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31 CREATE TABLE STAFF_TIME_CARD (employeeID CHAR(5) PRIMARY KEY, sponsor NVARCHAR2(25) FOREIGN KEY, salary CHAR(6), loginTime TIMESTAMP, logoutTime TIMESTAMP, fName NVARCHAR2(20), lName NVARCHAR2(20), address NVARCHAR2(50), department NVARCHAR2(15));
  • 1. Re: Foreign Key Invalid Identifier Error
    clcarter Expert
    Currently Being Moderated
    I know that the syntax for the STAFF_TIME_CARD fk is wrong -
    Yes, its an incomplete constraint spec, the referenced table(column(s)) must be identified.

    An FK constraint must reference column(s) that are a PK or have a UNIQUE constraint, the table containing your sponsor PK values has to be created first.

    And the {forum:id=75} forum is probably a better place for DML questions, with code tags for clarity, clean up the extra not relevant content (i.e. line numbers, "Table Created" ...), and your oracle version will also be helpful in getting faster answers.
  • 2. Re: Foreign Key Invalid Identifier Error
    920287 Newbie
    Currently Being Moderated
    But then how would I fix something like this:

    CREATE TABLE VITAL_SIGNS (uid INTEGER PRIMARY KEY, FOREIGN KEY (patientID) REFERENCES PATIENT_IDENTIFICATION(patientID), temperature CHAR(3), respirations CHAR(2), pulse CHAR(3), bloodPressure NVARCHAR2(7));

    I thought that saying "REFERENCES PATIENT_IDENTIFICATION(patientID)" accomplishes exactly the table(column) structure you mentioned, right?


    And thanks for the advice - I'll be sure to do that going forward.
  • 3. Re: Foreign Key Invalid Identifier Error
    Frank Kulash Guru
    Currently Being Moderated
    Hi,

    Welcome to the forum!
    917284 wrote:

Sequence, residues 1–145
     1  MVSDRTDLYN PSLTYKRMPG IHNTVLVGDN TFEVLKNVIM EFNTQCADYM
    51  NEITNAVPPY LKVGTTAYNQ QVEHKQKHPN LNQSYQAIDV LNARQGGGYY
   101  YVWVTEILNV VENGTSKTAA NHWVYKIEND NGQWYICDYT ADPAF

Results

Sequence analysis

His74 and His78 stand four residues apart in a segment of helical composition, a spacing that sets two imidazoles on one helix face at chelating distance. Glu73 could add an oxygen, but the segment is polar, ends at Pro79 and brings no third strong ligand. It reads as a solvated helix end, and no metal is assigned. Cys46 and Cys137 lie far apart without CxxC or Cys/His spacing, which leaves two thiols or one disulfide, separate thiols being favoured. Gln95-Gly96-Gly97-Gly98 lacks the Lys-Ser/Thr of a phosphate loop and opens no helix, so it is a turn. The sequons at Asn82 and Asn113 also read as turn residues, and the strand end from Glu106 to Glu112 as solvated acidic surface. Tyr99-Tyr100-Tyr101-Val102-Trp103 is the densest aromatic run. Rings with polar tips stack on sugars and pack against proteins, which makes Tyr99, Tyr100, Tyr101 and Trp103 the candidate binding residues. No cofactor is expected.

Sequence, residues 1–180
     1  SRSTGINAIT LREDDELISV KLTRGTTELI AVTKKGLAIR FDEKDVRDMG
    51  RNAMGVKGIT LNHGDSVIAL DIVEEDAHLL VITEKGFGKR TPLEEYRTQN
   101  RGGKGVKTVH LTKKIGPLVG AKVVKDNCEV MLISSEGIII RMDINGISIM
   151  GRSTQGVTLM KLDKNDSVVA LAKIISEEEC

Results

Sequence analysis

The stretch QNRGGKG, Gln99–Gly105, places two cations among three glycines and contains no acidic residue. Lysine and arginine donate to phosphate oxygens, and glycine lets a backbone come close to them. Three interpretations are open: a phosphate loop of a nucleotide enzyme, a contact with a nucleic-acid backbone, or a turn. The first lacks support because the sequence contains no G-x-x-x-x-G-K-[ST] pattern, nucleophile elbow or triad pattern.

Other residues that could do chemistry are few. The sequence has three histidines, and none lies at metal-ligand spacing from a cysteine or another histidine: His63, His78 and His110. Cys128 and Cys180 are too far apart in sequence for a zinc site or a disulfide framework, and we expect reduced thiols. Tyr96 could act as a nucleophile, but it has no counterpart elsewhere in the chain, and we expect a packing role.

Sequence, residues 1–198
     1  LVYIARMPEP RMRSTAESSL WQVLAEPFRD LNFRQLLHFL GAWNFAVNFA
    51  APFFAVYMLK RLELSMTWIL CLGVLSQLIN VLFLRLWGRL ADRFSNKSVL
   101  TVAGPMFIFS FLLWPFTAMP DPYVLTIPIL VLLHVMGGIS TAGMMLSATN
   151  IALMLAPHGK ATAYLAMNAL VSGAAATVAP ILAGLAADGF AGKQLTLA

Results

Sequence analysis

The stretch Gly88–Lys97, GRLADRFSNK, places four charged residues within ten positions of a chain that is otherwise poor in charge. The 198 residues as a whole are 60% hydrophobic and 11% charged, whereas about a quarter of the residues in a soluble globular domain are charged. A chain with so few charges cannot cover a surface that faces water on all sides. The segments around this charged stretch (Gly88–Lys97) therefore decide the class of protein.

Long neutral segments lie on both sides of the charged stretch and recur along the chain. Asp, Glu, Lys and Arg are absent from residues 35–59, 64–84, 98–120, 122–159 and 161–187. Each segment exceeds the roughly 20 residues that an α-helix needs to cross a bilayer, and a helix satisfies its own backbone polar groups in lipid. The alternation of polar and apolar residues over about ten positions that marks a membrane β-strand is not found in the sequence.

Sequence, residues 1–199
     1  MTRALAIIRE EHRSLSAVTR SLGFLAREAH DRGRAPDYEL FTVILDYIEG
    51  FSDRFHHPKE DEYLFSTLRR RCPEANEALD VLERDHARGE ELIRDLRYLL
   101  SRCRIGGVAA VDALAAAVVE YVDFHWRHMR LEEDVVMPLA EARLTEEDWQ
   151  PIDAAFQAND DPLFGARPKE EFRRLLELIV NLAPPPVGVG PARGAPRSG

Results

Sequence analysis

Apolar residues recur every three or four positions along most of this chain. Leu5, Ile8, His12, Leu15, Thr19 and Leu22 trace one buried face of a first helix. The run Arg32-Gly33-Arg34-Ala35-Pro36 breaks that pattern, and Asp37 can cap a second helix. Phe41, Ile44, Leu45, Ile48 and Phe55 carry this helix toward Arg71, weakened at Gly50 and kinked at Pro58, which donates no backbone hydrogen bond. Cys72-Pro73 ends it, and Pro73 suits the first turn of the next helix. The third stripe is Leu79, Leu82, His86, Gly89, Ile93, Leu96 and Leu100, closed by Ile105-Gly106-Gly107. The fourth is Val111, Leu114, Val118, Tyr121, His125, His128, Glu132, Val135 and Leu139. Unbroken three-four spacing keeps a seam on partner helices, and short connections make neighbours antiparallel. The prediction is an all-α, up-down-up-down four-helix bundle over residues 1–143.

... So far, PATIENT_IDENTIFICATION, LAB_INFORMATION, EXPERIMENTAL_DRUG_TRIAL_DATA, and STUDY_INFORMATION have been made without issues. For the other three tables, (VITAL_SIGNS, AE_SAE, and STAFF_TIME_CARD), I need to reference foreign keys from the aforementioned created tables, but I keep getting the error "ERROR at line 1:
    ORA-00904: : invalid identifier" issue when trying to run the CREATE statement. I know that the syntax for the STAFF_TIME_CARD fk is wrong - I only worked on the ones for VITAL_SIGNS and AE_SAE so far, but any help would be appreciated.

    Sorry in case this is in the wrong forum or area - any advice would be appreciated!
    As DCarter said, this forum is for the SQL*Plus and iSQL*Plus front-ends. This is actually an issue with the SQL language, and so it would be better, in the future, to post questions like this in the SQL and PL/SQL forum:
    SQL and PL/SQL
    Many more people read that forum, too, so you'll probably get quicker replies.
    ... 11 CREATE TABLE VITAL_SIGNS (uid INTEGER PRIMARY KEY, FOREIGN KEY (patientID) REFERENCES PATIENT_IDENTIFICATION(patientID), temperature CHAR(3), respirations CHAR(2), pulse CHAR(3), bloodPressure NVARCHAR2(7));
    There are 2 different ways to specify constraints: